Flashcards in Skeletal Tumours Deck (46):
Metastatic lesions in bone are commonly from what primary tumours?
Describe an osteochondroma.
benign cartilage capped bony projection arising on external surface of bone containing a marrow cavity that is continuous with that of underlying bone.
In who do osteochondromas arise and what do they present with?
Male = female
develop near epiphyses of long bones
pain and irritation
What is the treatment for osteochondromas?
A chondroma is another benign skeletal tumour. Describe it.
Benign hyaline cartilage tumour arising in the medullary cavity of bones of hands and feet - if breaks through into bone cortex then is malignant
Are chondromas more common in young men or young women?
What is Maffucci's syndrome?
Multiple enchondromatosis with soft tissue and visceral haemangiomas of viscera.
What is Ollier's disease?
Tumours are typically unilateral and involving one extremity
Is the risk of malignant transformation higher in Ollier's disease or Maffucci's syndrome?
What is an osteoid ostemoa?
Benign osteoblastic tumour composed of a central core of vascular osteoid tissue and a peripheral zone of sclerotic bone.
What is the typical presentation of an osteoid ostemoa?
Dull pain that is worse at night and disappears within 20-30 mins of treatment with aspirin or NSAID.
may be accompanied by soft tissue swelling and tenderness, synovitis and limitation of movement.
How long does an osteoid osteoma take to spontaneously resolve?
33 months without treatment
What is a chondroblastoma.
Benign cartilage tumour arising in bone. If more aggressive may extend beyond bone.
Where are chondroblastomas found?
Epiphysis of long bones
Describe the radiological appearance of a chondroblastoma.
Spherical and well defined osteolytic foci, sometimes extending into the subarticular bone, joint, space or metaphysis.
Describe the histological appearance of a chondroblastoma.
distinct cytoplasmic borders with foci of "chicken-wire" calcification
What treatment is required for a chondroblastoma.
Biopsy and curettage plus adjuvant liquid nitrogen
Name the 3 benign but locally aggressive skeletal tumours.
Giant cell tumour
What cell is presumed to be the origin of giant cell tumour?
Where are giant cell tumours often found?
Long bones - often around the knee
Radiologically, what is key to differentiate a giant cell tumour from an osteoblastoma?
Giant cell tumour - radiolucent with increasing density towards periphery
Osteoblastoma - radiolucent defect with a central density due to ossification. May have surrounding sclerosis.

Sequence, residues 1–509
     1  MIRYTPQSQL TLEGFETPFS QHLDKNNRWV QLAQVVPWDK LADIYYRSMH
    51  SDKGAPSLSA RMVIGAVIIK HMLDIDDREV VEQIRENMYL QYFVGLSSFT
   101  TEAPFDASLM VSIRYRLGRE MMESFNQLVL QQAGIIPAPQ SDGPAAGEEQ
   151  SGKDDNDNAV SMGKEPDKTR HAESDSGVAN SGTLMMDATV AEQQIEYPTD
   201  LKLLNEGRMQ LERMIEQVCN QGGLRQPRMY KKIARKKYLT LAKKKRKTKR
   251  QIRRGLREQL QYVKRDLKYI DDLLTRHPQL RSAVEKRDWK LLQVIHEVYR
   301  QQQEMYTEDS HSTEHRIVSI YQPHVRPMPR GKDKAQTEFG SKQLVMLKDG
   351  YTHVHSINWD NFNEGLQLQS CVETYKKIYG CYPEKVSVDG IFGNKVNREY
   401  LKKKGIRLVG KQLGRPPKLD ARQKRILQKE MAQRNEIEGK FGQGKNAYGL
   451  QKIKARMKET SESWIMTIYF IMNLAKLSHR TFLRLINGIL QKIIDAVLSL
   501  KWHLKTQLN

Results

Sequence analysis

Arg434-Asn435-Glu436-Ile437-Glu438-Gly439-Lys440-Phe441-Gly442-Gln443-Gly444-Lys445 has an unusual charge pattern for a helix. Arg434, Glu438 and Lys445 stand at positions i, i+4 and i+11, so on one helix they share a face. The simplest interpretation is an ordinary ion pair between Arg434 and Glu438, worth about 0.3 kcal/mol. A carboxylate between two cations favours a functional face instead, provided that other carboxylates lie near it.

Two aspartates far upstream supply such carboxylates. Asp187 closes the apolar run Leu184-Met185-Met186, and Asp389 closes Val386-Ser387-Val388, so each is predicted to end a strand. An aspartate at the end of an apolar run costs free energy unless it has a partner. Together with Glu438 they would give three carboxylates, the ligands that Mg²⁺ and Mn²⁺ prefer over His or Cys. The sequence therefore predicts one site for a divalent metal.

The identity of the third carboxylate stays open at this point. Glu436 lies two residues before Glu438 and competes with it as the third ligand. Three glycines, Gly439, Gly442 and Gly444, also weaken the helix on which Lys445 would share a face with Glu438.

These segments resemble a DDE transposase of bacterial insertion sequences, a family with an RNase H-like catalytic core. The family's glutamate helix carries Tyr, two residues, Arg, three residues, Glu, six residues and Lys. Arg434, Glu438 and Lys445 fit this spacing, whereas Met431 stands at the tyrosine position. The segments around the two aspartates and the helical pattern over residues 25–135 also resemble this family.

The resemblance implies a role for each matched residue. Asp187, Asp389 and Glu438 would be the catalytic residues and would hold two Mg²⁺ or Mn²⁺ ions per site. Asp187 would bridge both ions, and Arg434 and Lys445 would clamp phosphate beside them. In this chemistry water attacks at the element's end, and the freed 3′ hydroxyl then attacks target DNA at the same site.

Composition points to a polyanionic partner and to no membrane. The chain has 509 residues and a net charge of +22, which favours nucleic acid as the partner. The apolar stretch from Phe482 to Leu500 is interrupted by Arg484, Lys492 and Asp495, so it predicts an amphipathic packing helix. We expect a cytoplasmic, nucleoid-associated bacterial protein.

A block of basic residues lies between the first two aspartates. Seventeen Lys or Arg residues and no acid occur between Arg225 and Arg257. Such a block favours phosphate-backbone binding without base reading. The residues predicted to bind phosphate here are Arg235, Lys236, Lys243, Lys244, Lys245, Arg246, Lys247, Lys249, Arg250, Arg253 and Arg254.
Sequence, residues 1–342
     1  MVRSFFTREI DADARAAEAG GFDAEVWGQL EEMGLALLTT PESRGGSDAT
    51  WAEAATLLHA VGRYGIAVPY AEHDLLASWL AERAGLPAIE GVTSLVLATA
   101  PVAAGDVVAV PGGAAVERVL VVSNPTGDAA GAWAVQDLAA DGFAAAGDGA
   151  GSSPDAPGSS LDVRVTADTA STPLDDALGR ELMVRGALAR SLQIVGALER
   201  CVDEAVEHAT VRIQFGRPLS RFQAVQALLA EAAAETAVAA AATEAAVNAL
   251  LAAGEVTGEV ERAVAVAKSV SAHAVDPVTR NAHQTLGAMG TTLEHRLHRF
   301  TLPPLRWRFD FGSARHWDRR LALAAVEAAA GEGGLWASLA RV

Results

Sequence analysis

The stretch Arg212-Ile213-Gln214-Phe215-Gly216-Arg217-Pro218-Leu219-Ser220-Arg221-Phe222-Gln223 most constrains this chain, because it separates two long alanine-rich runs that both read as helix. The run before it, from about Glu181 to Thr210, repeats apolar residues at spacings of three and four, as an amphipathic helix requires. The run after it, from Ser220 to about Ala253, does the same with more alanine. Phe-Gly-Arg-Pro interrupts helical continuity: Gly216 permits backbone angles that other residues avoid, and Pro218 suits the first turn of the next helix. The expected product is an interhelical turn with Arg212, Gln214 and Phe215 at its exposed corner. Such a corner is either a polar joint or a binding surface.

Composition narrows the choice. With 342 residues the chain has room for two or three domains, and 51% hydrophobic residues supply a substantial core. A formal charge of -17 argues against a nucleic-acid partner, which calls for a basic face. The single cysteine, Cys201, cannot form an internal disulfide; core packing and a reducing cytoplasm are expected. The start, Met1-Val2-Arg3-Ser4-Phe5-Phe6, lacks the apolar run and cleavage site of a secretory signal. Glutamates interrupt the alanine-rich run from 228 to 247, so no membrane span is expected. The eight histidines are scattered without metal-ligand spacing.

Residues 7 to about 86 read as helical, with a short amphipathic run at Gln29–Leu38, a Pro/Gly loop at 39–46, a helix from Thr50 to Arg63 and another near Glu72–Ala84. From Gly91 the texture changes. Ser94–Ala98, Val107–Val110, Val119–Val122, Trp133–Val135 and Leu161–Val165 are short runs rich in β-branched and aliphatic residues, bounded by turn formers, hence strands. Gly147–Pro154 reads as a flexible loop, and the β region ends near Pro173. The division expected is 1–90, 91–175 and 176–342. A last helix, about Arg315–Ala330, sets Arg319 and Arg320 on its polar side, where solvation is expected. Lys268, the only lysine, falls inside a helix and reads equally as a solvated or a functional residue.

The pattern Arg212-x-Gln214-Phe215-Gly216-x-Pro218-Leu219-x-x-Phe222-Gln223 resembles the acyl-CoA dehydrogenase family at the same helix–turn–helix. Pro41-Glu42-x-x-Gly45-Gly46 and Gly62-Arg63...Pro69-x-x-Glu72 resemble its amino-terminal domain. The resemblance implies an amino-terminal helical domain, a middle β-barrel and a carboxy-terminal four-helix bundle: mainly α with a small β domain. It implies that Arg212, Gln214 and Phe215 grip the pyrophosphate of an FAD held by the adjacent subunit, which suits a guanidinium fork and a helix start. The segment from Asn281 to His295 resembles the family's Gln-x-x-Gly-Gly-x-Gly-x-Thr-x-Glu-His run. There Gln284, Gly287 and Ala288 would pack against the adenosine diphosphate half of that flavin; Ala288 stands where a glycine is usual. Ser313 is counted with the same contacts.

What are the treatment options for a giant cell tumour?
Curettage or resection
Why should a giant cell tumour not be radiated?
If radiated it may undergo malignant transformation
Describe an osteoblastoma.
Solitary, benign and self-limited tumour that produces osteoid and bone.
What are the common symptoms of osteoblastoma?
Pain of long duration, swelling and tenderness.
Tumours of the spine may cause scoliosis and neurological symptoms
What are the treatment options for am osteoblastoma?
Curettage or intra-lesional excision or en-bloc resection
What is a Chordroma?
Very rare tumour arising from notochord remnants. It is locally destructive and invasive.
Where are chordromas found?
Midline tumour often in the sacral region - management is hard
Who do chordromas present in?
older adults 40+ years
Where do chordromas often invade into?
lesion often tracks along nerve roots in the sacral plexus or out the sciatic notch in planes of least resistance. Also soft tissue planes between muscles.
What is used for treatment of a Chordroma?
difficult to resect (usually in sacral region)
radiation may be helpful
Chemotherapy for late stage disease
Metastatic bone lesions are described as what?
Prostate mets - osteoslerotic giving hardening of bony lesions
Less commonly what other tumours can metastasise to bone?
What is multiple myeloma?
Malignant primary bone tumour that occurs in old age. Malignant proliferation of plasma cells in bone marrow giving bone destruction of axial skeleton and often causes renal failure.
What doe multiple myeloma produce and what does this mean for the patient?
Produces monoclonal IgG therefore patient is susceptible to infection
What is the characteristic appearance of multiple myeloma?
rounded "punched out" lesions
What is Ewing's sarcoma?
Highly malignant peripheral primitive neuroectodermal tumour (PNET)
Where does ewing's sarcoma arise?
metaphysis and diaphysis of femur, tibia and humerus.
In who does Ewing's sarcoma present?
Most common in second decade of life
What is the most common and second most common primary bone tumour?
1 - Osteosarcoma
2 - Chondrosarcoma
What causes an osteosarcoma and where does it usually occur?
Malignant osteoblasts forming osteoid, mineralizes poorly
Usually occurs in the ends of long bones particularly distal femur, proximal tibia and proximal humerus
What is essential for diagnosis of Osteosarcoma?
Osteoid production from the tumour
What Tx is required for osteosarcoma?
Pre op chemo (tumour debulking)
post op chemo (residual tumour or mets)
What is specific about a chondrosarcoma?
Exhibits pure hyaline cartilage differentiation no bony elements - composed of malignant chondrocytes
What happens in a chondrosarcoma?
Nodules of tumour erode and extend outward from bone giving areas of bone destruction accompanied by partial calcification. Tumour often extends into soft tissue.